Keio University, Japan
Rin Okuyama completed his PhD at Keio University in March 2013. He is a postdoctoral research fellow of the Japan Society of the Promotion of Science. He theoretically studies nonequilibrium phenomena in semiconductor nanodevices. His main work on phonon lasing was selected as “Papers of Editors’ Choice” by Journal of the Physical Society of Japan.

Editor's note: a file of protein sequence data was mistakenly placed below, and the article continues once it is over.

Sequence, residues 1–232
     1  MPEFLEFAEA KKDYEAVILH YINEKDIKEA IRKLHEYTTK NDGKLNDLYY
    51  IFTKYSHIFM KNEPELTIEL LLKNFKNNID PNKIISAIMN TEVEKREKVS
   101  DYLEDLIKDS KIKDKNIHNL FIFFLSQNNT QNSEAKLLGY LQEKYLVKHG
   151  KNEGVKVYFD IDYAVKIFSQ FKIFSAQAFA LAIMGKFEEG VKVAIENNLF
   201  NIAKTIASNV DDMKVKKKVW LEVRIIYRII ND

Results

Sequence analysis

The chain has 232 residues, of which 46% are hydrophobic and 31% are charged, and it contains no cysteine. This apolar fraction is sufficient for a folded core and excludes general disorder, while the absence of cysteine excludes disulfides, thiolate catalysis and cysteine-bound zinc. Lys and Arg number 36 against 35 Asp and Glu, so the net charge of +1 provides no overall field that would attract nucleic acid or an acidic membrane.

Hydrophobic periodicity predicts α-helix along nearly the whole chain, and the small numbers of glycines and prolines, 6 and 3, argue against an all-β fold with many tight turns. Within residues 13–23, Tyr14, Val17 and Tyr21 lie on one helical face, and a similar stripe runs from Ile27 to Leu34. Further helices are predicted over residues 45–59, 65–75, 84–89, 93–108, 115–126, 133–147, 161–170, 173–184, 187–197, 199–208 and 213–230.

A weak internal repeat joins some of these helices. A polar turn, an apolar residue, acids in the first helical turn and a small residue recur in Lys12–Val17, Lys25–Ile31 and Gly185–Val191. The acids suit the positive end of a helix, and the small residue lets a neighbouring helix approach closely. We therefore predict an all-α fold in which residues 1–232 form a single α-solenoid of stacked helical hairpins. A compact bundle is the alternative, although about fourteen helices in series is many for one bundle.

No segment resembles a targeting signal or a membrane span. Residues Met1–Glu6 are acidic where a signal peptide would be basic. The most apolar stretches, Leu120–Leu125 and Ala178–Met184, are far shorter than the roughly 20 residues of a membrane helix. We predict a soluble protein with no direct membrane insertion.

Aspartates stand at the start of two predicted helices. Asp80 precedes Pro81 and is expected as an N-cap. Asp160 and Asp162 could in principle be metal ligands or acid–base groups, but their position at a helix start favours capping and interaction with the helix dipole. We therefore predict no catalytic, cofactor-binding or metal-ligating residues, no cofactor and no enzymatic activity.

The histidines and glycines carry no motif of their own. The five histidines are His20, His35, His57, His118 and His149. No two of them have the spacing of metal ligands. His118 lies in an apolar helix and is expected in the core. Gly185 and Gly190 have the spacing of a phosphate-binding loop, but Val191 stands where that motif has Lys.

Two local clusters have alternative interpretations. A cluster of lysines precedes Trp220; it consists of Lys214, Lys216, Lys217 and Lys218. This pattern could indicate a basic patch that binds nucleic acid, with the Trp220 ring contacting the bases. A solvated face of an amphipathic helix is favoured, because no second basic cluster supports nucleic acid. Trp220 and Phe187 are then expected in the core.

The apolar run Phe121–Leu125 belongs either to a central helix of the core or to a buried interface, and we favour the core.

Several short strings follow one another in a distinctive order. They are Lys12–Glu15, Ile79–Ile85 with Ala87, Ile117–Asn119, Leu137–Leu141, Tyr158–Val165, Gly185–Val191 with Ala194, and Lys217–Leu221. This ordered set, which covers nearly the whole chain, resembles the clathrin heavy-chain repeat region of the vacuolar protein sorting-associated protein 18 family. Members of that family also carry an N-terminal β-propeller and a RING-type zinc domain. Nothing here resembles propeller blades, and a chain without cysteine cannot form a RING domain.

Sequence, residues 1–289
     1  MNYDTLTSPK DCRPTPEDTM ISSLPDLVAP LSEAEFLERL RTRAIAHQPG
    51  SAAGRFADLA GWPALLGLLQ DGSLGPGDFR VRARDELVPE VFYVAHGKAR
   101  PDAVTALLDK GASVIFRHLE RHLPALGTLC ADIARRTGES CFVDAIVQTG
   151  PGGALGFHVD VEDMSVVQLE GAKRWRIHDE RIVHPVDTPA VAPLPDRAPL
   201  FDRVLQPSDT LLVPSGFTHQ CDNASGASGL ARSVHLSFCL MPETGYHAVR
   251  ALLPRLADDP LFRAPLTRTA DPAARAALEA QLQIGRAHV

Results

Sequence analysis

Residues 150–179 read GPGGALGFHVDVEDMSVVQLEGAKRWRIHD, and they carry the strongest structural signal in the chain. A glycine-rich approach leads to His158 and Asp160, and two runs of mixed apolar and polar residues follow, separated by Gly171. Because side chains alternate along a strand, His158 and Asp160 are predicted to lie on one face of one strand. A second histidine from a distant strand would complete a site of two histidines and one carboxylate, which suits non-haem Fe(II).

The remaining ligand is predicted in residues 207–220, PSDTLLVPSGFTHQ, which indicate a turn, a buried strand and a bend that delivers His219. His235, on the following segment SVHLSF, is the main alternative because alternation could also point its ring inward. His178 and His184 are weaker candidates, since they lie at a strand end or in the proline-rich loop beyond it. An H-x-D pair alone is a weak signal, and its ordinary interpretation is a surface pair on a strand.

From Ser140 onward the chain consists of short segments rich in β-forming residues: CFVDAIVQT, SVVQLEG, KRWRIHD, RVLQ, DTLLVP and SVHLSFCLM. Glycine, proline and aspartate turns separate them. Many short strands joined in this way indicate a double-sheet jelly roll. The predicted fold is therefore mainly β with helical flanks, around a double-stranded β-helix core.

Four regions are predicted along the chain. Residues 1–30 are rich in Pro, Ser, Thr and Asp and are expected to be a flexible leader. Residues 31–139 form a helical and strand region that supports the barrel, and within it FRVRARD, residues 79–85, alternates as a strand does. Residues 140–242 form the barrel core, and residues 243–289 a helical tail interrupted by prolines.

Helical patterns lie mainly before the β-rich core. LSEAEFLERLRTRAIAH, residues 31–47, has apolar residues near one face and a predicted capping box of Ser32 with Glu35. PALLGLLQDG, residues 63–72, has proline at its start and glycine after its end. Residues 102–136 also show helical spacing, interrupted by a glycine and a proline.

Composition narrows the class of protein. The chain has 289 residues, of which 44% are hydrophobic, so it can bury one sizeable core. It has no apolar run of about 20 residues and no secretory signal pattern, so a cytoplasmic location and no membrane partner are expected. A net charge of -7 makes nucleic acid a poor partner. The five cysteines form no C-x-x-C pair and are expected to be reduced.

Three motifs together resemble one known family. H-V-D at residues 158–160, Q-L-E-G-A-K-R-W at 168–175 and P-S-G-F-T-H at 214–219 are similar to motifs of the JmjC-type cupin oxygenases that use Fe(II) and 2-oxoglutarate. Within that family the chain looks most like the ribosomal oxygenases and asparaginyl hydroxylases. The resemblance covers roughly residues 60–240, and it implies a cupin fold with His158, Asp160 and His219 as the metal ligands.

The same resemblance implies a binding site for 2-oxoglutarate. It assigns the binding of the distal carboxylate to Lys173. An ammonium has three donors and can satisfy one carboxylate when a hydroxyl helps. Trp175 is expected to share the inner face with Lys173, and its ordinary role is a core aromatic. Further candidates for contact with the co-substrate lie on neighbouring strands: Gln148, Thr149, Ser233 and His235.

Quantum dots fabricated in semiconductor substrates are confinement structures of nanometer scale, in which the electron number is tunable one by one due to the Coulomb blockade. In the present study, we propose optical phonon lasing in a semiconductor double quantum dot (DQD), without the requirement of an additional cavity for phonons. We find that an electron in the DQD couples to only two phonon modes that act as a natural cavity due to the flat dispersion relation. The DQD is connected to external leads under a finite bias, which enables electric pumping similarly to a microlaser using superconducting quantum dot coupled to a photon cavity. We also take into account the natural decay of phonons due to lattice anharmonicity. When the energy level spacing in the DQD is tuned to the phonon energy, the electron transport is accompanied by phonon emission. By analyzing the second-order auto correlation function of phonons, we find a Poisson process of phonon emission, i.e., phonon lasing, when the electron tunneling between the DQD and leads is much faster than the phonon decay. On the other hand, anti-bunching of phonon emission occurs for slower tunneling. Both effects disappear by an effective thermalization via the Franck-Condon effect in a DQD fabricated in a suspended carbon nanotube with strong electron-phonon coupling. Our theory is also applicable to nanomechanical resonators. The results imply that a DQD could generate various quantum states of resonators.